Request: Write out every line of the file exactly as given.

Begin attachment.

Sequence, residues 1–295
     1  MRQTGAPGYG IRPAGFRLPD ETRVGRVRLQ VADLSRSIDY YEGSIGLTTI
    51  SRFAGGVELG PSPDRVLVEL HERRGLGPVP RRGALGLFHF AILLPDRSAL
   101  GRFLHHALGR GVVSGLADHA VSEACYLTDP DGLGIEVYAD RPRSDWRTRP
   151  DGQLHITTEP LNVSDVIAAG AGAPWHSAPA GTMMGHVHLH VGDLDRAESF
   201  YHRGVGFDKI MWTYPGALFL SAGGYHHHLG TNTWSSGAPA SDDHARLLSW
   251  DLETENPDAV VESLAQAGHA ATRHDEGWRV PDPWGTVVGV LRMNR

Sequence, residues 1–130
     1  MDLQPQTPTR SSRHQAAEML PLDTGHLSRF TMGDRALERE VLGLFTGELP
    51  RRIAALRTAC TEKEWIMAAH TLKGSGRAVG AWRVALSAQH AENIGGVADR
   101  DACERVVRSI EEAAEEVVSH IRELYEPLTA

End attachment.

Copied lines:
Sequence, residues 1–295
     1  MRQTGAPGYG IRPAGFRLPD ETRVGRVRLQ VADLSRSIDY YEGSIGLTTI
    51  SRFAGGVELG PSPDRVLVEL HERRGLGPVP RRGALGLFHF AILLPDRSAL
   101  GRFLHHALGR GVVSGLADHA VSEACYLTDP DGLGIEVYAD RPRSDWRTRP
   151  DGQLHITTEP LNVSDVIAAG AGAPWHSAPA GTMMGHVHLH VGDLDRAESF
   201  YHRGVGFDKI MWTYPGALFL SAGGYHHHLG TNTWSSGAPA SDDHARLLSW
   251  DLETENPDAV VESLAQAGHA ATRHDEGWRV PDPWGTVVGV LRMNR

Sequence, residues 1–130
     1  MDLQPQTPTR SSRHQAAEML PLDTGHLSRF TMGDRALERE VLGLFTGELP
    51  RRIAALRTAC TEKEWIMAAH TLKGSGRAVG AWRVALSAQH AENIGGVADR
   101  DACERVVRSI EEAAEEVVSH IRELYEPLTA